“This is the end of an era, the one that was kicked off in 2014 with the ‘Serial Boom,’” wrote Quah, referencing the most-downloaded podcast of all time. “I’ll miss it.”

Hamas media facing financial meltdown

Updated 20 February 2019

Hamas media facing financial meltdown

  • Beirut-based Al-Quds TV faces corruption claims after closure warning
  • The channel has been experiencing a financial crisis for the past three years

GAZA CITY: The announcement by Palestinian television channel Al-Quds TV that it will stop broadcasting by the end of February if it does not receive desperately needed funding highlights the financial crisis facing Hamas’ media institutions.

Imad Ifranji, Al-Quds TV’s director, said on Tuesday that if funds failed to arrive by the end of this month, “it is inevitable that the channel will shut down.”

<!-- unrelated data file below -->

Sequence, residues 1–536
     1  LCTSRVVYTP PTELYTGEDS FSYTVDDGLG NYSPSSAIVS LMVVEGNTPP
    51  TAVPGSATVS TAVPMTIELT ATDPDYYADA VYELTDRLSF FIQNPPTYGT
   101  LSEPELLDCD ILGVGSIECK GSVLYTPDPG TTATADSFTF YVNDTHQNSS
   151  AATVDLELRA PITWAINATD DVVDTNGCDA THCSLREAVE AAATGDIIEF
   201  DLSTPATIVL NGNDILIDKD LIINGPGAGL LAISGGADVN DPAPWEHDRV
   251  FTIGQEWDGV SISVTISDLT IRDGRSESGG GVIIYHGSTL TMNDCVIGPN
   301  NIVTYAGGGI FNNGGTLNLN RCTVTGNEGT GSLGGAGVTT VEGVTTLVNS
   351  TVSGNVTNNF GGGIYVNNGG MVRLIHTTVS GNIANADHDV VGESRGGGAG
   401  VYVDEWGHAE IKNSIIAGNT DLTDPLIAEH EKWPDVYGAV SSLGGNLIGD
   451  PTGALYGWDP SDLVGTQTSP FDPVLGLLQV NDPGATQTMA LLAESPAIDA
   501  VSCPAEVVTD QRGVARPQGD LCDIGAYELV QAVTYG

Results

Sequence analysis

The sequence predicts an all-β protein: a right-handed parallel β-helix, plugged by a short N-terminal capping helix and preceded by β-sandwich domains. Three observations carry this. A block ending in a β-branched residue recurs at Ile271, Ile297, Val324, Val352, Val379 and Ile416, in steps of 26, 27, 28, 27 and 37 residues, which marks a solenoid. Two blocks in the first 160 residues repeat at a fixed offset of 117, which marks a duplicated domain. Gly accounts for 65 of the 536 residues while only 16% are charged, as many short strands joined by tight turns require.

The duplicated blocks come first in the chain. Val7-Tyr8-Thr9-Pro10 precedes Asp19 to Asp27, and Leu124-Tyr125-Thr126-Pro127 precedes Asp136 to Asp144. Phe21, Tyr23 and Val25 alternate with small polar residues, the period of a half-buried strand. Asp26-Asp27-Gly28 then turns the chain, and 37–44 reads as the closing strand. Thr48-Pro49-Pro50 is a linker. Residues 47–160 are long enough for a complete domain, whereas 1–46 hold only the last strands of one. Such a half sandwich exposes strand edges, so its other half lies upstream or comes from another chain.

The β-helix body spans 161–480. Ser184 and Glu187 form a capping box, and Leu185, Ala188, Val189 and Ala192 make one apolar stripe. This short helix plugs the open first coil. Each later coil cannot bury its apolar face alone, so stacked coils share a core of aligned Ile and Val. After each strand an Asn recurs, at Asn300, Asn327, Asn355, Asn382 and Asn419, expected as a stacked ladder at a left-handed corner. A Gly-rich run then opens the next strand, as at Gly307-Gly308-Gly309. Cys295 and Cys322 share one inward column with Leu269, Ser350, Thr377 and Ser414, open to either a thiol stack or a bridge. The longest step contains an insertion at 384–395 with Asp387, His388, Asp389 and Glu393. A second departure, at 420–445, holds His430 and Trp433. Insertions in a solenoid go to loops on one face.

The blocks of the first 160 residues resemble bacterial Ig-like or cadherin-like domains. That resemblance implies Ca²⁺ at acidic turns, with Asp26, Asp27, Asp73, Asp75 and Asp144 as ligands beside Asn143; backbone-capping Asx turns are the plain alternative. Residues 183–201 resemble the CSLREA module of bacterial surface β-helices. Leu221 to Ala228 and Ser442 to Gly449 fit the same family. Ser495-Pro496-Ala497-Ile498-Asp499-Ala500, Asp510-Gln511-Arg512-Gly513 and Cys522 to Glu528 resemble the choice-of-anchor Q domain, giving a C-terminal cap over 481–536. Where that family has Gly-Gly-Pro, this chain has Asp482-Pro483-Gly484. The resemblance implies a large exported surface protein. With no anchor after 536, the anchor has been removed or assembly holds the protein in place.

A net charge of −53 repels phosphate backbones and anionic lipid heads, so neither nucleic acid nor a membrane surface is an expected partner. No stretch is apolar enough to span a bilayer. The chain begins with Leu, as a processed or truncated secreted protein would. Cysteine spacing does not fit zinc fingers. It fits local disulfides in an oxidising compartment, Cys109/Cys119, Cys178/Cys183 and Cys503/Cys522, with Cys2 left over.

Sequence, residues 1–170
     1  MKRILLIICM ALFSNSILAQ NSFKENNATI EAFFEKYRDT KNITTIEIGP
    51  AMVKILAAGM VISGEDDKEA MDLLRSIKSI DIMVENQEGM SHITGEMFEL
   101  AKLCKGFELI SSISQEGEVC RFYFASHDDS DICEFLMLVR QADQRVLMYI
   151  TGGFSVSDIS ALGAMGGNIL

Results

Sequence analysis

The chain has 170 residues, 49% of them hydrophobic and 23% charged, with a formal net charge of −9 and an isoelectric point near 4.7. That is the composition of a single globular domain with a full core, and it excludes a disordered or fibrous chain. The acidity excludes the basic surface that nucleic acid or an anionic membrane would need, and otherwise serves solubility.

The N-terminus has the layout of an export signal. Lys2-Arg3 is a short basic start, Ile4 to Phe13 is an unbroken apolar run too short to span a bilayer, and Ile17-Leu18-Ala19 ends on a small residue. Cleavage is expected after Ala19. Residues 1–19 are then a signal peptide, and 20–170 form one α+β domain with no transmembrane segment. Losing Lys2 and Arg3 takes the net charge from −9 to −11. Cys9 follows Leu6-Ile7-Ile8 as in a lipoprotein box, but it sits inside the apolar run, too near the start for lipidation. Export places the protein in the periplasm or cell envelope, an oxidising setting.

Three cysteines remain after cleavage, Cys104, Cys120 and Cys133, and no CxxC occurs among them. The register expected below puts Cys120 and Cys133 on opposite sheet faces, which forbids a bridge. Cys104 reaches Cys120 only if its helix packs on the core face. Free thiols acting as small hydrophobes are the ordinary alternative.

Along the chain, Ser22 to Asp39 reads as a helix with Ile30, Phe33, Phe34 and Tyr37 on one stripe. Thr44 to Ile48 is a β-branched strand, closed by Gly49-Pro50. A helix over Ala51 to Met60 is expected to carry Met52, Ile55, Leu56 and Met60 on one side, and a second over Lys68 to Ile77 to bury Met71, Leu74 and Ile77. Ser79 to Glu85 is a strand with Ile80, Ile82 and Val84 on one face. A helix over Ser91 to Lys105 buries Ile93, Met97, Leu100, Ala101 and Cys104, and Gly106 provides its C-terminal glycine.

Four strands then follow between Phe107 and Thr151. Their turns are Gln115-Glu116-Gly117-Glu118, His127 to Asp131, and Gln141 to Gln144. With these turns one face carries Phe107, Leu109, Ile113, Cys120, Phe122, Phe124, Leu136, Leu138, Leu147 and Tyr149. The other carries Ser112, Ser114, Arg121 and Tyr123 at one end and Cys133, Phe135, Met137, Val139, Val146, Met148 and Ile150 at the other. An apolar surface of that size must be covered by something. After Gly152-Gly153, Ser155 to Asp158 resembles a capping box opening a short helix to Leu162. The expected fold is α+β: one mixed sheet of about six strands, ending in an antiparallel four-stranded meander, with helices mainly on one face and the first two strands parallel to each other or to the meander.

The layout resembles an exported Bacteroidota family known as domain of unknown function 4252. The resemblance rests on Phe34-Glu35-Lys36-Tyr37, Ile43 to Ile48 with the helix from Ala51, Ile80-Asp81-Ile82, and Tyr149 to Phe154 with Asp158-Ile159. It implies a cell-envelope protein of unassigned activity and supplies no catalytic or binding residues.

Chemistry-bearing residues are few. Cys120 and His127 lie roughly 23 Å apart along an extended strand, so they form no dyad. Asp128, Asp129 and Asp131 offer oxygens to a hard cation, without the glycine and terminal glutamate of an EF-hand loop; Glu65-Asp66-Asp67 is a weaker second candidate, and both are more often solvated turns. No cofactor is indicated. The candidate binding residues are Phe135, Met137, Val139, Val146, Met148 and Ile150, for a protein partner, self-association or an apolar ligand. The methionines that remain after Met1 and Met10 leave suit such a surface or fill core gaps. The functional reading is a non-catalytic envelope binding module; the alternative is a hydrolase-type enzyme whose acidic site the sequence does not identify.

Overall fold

The Beirut-based channel’s Gaza office has been unable to cover its costs for the past four months and 50 employees have not received salaries for almost a year.

Al-Quds TV had 350 staff when it was launched in 2008, but now has only 150.

The channel has been experiencing a financial crisis for the past three years, despite cutting costs and reducing staff, Ifranji said.

Hamas began building its media “empire” following its victory in the 2006 elections and the imposition of absolute control over the Gaza Strip in mid-2007.

The fundamentalist organization enjoyed years of financial prosperity thanks to Iranian support, internal fees and taxes, and the use of smuggling tunnels across the border between the Gaza Strip and Egypt.

Hamas’ financial crisis began with the decline of Iranian support in 2012 and escalated after the Egyptian Army overthrew Muslim Brotherhood President Mohammed Mursi in 2013, leading to growing tension tension between the group and Egypt.

Its extensive media network has also faced claims of corruption and mismanagement by current employees and former staff members.

A few months ago, Al-Quds TV was forced to lay off dozens of employees. The channel’s debts are believed to run into millions of dollars.